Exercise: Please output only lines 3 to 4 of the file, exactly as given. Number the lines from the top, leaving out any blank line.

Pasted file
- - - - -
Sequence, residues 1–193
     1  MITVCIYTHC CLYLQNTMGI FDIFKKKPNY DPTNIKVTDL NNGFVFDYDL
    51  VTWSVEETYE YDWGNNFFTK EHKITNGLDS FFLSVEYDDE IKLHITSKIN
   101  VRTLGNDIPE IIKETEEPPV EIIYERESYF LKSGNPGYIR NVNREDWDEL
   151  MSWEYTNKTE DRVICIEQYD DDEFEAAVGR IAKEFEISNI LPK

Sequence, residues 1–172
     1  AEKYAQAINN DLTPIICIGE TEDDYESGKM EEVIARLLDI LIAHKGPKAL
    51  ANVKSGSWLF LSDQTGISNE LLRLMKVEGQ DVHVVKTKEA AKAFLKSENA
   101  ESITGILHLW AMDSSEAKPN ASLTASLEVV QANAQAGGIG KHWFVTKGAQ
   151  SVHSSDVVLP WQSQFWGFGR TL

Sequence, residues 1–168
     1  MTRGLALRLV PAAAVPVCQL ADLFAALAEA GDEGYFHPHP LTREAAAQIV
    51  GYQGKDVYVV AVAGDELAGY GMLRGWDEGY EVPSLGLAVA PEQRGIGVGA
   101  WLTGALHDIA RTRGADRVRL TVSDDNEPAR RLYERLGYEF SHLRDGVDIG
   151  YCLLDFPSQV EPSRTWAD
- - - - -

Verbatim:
    51  VTWSVEETYE YDWGNNFFTK EHKITNGLDS FFLSVEYDDE IKLHITSKIN
   101  VRTLGNDIPE IIKETEEPPV EIIYERESYF LKSGNPGYIR NVNREDWDEL